Fourteen years in the life of Prix, a Bronx native, from her ruthless girl-gang leadership at sixteen through her coming to maturity at thirty. But children do not become violent in a vacuum: As a small child Prix was raped by her mother's longtime lover—being with the family on and off from the time Prix was two until sixteen—while her mother lived in a blind denial world. Amidst all the brutality Prix is still a kid with her own dreams and delights: fireworks. In the course of the play Prix is locked in teen jail with a lonely outcast, and later in a women's facility with a white woman who thinks she's black Prix comes to face old demons: conversations with the mother's lover, long dead; a chance meeting with a woman who has spent her adult life in a wheelchair because of a confrontation with Prix in their teens; at twenty-eight, an old woman by gang standards, being on the other side of punishment by the fourteen-year-old daughter of a "sister" Prix used to kick around; and ultimately coming to terms with the mother Prix hasn't seen in thirteen years.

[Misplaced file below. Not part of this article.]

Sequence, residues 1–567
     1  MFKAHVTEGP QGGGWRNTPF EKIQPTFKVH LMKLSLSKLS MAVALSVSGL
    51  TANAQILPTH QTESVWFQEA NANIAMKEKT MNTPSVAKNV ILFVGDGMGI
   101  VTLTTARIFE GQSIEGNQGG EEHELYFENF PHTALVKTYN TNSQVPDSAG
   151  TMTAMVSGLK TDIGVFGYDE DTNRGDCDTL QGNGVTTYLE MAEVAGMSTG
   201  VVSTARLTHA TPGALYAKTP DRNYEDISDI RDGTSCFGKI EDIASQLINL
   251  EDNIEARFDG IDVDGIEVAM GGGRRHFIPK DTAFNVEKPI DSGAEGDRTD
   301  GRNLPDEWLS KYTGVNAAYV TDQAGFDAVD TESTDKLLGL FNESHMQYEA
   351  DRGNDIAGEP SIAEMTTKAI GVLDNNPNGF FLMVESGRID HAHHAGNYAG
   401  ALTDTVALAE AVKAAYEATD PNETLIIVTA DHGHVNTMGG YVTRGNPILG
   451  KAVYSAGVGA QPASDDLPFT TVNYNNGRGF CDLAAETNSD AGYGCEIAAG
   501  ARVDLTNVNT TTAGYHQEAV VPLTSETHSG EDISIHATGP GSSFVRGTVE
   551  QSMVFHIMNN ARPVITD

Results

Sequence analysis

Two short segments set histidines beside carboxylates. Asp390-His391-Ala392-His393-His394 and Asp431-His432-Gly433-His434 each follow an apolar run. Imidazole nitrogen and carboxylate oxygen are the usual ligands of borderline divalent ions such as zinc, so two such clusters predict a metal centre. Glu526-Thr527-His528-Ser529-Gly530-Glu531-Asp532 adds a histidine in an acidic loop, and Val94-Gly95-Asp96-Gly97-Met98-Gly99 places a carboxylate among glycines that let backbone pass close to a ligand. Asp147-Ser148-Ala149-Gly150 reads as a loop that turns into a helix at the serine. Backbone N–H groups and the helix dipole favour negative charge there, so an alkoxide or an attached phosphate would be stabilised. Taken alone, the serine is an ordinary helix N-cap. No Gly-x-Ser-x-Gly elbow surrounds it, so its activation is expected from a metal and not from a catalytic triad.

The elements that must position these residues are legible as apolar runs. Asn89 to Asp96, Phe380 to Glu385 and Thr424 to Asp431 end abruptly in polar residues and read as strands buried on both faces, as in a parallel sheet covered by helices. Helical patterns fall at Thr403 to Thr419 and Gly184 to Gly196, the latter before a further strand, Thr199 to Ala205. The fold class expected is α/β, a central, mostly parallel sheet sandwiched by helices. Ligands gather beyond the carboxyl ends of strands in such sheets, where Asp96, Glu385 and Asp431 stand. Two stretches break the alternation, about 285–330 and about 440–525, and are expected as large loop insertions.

"Ms. Corthron has created a vivid world, believable and eye-opening, a place worthy of a dramatic visit, where no one would want to live but many have to." —NY Times. "…rich with humor, terse vernacular strength and gritty detail…" —Variety.